2016 saw Norton’s SG5 bring the company’s highest finish in a quarter of a century. The fortnight saw 7th place finish, a 194.5mph Sulby speed-trap and an incredible 130.87mph lap crowning the Norton as the fastest British motorcycle to ever lap the TT. Once again, Norton Motorcycles has secured their position at the competitive end of motorcycle road racing.
Both Wheels in the Air
Davo on the startline
Continuing on from its predecessors, the SG5 features an in-house designed tubular aluminium frame fabricated onsite at Norton’s Donington Hall factory. The bike features a fully adjustable chassis. This includes headstock angle, yoke offset, steering axis offset and swingarm pivot. The bike also features several billet linkages which allow varying degrees of stability and feedback over the bumpy TT course. The fuel tank is handmade and tailored to the rider with a focus on mass centralisation.
Norton signed Australian rider David ‘Davo’ Johnson in 2015 to compete at this year’s TT. The team spent the winter developing and manufacturing the SG5 motorcycle ahead of early testing in January 2016.
Steve Plater, who has been Norton’s test and development rider since SG2, was on-point pushing the new bike in less than favourable conditions early in 2016.
Steve Plater Tests Launch Control
Steve on the grid at the TT 2016
With initial testing out of the way, the team spent time on the Isle of Man at the Jurby circuit testing and developing the chassis and electronics. After an intensive testing schedule Steve was finally happy with the bike ahead of Davo’s arrival mid-April.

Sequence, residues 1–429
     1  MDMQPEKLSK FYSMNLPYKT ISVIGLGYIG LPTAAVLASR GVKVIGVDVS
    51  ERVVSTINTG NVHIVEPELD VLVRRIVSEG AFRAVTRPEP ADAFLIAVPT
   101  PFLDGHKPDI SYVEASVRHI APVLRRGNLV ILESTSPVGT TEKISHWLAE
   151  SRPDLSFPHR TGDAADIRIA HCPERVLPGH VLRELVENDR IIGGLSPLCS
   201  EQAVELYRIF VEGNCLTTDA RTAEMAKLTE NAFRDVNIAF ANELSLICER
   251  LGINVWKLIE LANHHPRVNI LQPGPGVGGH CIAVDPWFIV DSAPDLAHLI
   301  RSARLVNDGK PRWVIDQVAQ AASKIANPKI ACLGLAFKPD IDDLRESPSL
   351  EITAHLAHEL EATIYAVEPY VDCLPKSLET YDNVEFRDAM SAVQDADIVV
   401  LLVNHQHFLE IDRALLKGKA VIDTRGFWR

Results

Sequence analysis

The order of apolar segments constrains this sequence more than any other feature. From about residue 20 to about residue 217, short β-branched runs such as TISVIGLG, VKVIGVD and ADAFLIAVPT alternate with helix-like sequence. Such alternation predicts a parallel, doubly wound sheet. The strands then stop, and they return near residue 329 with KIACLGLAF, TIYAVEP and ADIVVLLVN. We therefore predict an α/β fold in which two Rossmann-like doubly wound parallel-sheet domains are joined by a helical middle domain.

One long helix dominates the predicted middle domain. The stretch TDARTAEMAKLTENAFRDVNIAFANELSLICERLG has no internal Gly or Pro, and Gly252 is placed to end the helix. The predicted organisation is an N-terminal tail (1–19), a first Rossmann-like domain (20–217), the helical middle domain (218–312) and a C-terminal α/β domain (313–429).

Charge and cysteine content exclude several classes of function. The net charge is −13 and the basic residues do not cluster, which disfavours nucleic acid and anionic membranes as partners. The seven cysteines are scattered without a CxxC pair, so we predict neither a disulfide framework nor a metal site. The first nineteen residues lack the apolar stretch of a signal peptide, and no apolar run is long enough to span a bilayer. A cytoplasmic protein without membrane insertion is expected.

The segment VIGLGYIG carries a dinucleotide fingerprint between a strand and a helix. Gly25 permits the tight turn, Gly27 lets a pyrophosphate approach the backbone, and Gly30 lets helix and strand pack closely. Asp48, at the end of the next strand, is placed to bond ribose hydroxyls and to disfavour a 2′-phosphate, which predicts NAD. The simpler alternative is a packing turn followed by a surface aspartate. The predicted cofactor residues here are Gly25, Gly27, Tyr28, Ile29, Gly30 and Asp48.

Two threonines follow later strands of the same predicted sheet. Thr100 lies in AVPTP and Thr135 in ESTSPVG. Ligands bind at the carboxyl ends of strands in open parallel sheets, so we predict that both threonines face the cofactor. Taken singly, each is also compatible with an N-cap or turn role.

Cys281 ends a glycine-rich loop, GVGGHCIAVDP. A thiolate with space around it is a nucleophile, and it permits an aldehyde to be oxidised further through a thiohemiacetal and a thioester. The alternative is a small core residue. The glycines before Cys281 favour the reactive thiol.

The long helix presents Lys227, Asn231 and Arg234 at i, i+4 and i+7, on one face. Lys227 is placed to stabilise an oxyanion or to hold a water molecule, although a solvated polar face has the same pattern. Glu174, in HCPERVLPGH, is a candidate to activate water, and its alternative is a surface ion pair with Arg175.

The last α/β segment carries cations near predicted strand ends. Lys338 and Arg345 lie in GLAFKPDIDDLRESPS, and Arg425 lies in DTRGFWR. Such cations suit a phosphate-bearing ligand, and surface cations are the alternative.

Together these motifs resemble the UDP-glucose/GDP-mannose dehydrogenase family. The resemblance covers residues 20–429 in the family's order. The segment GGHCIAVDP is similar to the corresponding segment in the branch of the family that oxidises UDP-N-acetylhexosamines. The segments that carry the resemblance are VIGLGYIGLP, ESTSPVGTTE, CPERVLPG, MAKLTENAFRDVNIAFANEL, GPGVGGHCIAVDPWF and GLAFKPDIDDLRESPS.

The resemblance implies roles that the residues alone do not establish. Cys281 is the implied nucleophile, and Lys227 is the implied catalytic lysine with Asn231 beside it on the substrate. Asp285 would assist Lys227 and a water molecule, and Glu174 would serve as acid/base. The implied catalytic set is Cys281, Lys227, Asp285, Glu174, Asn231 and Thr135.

Steve testing SG5 at a wet and windy Jurby circuit
The testing schedule continued with Davo’s inaugural ride taking place during Steve’s final 2016 test. With Davo happy after his first ride, the team headed back to HQ to make the necessary ergonomic changes to meet new rider’s riding style.
The team then headed to the local Mallory park circuit to test the new changes.
John Cooper Esses
The next step for the team was to head to the Oulton Park BSB test. The team made steady progress in the morning focusing on setup. The afternoon brought a breakthrough with the electronics curing chatter issues during the morning.
After their return, the team headed to Bruntingthorpe proving ground to test high-speed stability.
With testing complete, the team headed for the Isle of Man.